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Eur Spine J. 2013 Nov;22(11):2545-51. doi: 10.1007/s00586-013-2961-8. Epub 2013 Aug 18.

The effects of surgery on locomotion in elderly patients with cervical spondylotic myelopathy.

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  • 1Department of Orthopedic Surgery, Hamamatsu Medical Center, 328 Tomizuka-cho Naka-ku, Hamamatsu, Shizuoka, 432-8580, Japan,



This study aimed to evaluate the effects of surgery on locomotor ability in patients with cervical spondylotic myelopathy (CSM) and compare the results between elderly and younger patients.


A total of 369 consecutive patients who underwent expansive laminoplasty for CSM were prospectively analysed. Patients were divided into two age groups of ≥ 75 years (elderly group, 76 patients) and <75 years (younger group, 293 patients). Locomotor ability was estimated using part of the functional independence measure (FIM). The sum of gait and stairs items [functional independence measure (locomotion), FIM-L; possible scores, 2-14] and neurological status were estimated using the Japanese Orthopaedic Association (JOA) score (possible score, 0-17). Pre-operative neurological anamnesis was reviewed, and the surgical results of elderly patients with or without co-existing neurological history were evaluated to determine the origin of locomotor disability.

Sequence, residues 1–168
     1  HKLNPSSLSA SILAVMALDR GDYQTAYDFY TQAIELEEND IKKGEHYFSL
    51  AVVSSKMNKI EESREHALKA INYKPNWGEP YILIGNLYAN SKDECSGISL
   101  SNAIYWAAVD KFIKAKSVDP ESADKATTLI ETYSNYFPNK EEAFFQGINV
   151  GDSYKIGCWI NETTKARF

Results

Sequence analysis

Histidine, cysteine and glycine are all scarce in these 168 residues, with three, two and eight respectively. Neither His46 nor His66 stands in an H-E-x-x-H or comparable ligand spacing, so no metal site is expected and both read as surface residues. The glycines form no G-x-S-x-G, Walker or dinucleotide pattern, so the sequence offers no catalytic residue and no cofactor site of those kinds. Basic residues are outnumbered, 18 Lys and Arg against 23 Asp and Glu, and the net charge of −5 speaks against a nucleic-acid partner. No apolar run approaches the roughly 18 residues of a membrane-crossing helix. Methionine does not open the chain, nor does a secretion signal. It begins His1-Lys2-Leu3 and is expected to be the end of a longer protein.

Peri-operative FIM-L and JOA scores were significantly lower in the elderly group than in the younger group, and the opposite was true for improved FIM score. Cerebral infarction and previous lumbar surgery were identified as neurological co-morbidities in the elderly group. However, there was no significant difference in surgical results between elderly patients with and without co-existing neurological disorders.


Decompression surgery can improve locomotor ability and decrease nursing care requirements among elderly patients with CSM. However, other neurological diseases can co-exist in elderly patients, making it difficult to diagnose the origin of locomotor disability. Therefore, detailed peri-operative work-up and timely decompression should be given priority to avoid progression towards fixed locomotor disability.

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